A single particle of comet dust collected from the Antarctic ice, photographed by an electron microscope. Credit: Takaaki Noguchi/Kyushu University

Researchers Have Discovered Comet Dust on Earth For The First Time Ever


Scientists have uncovered a relatively large amount of comet dust preserved in Antarctica. Comet dust represents the oldest astronomical particles we have access to, and up until now it was believed that the material couldn't survive on Earth's surface.


“It’s very exciting for those of us who study these kinds of extraterrestrial materials, because it opens up a whole new way to get access to them,” Larry Nittler, a planetary scientist at the Carnegie Institution for Science in Washington DC, who wasn’t involved with the research, told Ilima Loomis from Science.  “They’ve found a new source for something that’s very interesting and very rare.”

Comest dust is extraordinary because it can give us clues about the materials that helped form the Solar System, but until now it’s been pretty difficult to access. Scientists currently need to fly research planes high up into the stratosphere in order to collect tiny amounts of the dust - usually several hours of flying time will only result in one particle being collected.

This small sample size means that scientists haven’t been able to do as much research on the dust as they'd like to. But now a relatively huge amount - more than 40 comet dust particles - has been found right here on Earth’s surface.

“Two to four more orders of magnitude mass of material is potentially collectible this way,” John Bradley, an astromaterials scientists at the University of Hawaii, who worked on the discovery, told Science. “I think it could precipitate a paradigm shift in the way these kinds of materials are collected.”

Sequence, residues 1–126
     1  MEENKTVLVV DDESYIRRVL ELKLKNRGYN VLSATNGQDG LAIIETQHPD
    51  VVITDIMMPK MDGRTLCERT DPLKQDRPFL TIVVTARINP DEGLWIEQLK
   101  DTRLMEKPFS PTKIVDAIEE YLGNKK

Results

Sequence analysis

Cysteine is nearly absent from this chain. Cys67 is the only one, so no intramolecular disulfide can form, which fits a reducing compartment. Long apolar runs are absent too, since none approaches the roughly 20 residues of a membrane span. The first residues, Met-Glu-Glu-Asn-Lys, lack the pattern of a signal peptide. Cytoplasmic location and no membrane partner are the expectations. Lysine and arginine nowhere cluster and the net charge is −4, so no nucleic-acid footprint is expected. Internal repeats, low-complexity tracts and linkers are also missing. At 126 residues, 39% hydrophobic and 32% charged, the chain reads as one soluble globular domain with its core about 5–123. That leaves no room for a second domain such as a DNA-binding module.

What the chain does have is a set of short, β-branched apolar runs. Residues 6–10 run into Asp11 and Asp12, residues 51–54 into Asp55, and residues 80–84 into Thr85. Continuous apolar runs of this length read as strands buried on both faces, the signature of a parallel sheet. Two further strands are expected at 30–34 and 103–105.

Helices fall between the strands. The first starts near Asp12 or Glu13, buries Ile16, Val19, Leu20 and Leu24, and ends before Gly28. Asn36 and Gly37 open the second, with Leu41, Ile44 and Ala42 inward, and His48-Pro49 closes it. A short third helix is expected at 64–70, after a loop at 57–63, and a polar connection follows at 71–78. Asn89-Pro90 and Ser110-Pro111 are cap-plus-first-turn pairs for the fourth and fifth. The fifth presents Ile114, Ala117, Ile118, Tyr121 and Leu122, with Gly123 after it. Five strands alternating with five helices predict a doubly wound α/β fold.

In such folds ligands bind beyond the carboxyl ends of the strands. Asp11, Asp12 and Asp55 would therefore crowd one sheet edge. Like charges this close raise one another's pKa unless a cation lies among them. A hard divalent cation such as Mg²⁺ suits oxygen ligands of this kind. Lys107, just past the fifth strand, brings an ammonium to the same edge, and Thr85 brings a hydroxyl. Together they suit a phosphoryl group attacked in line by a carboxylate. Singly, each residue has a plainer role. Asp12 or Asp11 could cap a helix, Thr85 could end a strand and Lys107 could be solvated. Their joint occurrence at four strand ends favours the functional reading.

Comet dust, also known as “chondritic porous interplanetary dust particles”, is highly porous and extremely fragile, and prior to this discovery scientists thought the particles couldn’t survive here on Earth. Back in 2010, French scientists reported that they’d found evidence of dense, unusually carbon-rich comet particles in the Antarctic snow, but it’s only now that researchers have been able to confirm that the discovery of comet dust itself.

The researchers found the dust in snow and ice collected from two different Antarctic sites. After melting the ice, they filtered out more than 3,000 micormeteorites - tiny space particles that were 10 microns in diameter or larger. Over five years they analysed these micrometeorites individually under the microscope to work out which could be classified as comet dust. 

In the end they found more than 40 particles with the characteristics of comet dust - these particles were indistinguishable from the comet dust collected in the stratosphere, and also matched samples collected from the coma that surrounds a comet by NASA’s Stardust mission in 2006.

Publishing their discovery in Earth and Planetary Science Letters, the researchers also report that the comet dust they’ve found in Antarctica is cleaner than the dust they collect from the stratosphere. This is because in order to capture the dust at the moment, they use plates coated with silicon oil - sort of in the same way you use flypaper to trap flies. Not only is this not super effective, it also means that the few comet dust particles they collect end up contaminated with oil and the organic compounds used to later clean them. So it’s hard to scientists to narrow down exactly what organic materials the dust actually contains. 

Now the scientists will compare their Antarctic comet particles with the ones collected using planes, and work our which organic materials are contaminants and which are naturally occuring. This will provide some insight into the material that led to the birth of our Solar System.

“The study of these cometary particles will help shed more light on the material that served for planetary formation,” meteorite researcher Cécile Engrand from Paris-Sud University in Orsay, co-author of the 2010 French research, told Loomis over at Science. “They are the best witnesses that we have of that period of time.”

But importantly, this discovery also suggests that there could be even more sources of comet dust right here on Earth - something we previously thought was impossible.

“Our result shows that such fragile particles can be preserved not only in … snow, but also in ice,” said the study’s lead author, Takaaki Noguchi, a meteorite researcher at Kyushu University in Fukuoka, Japan.

Source: Science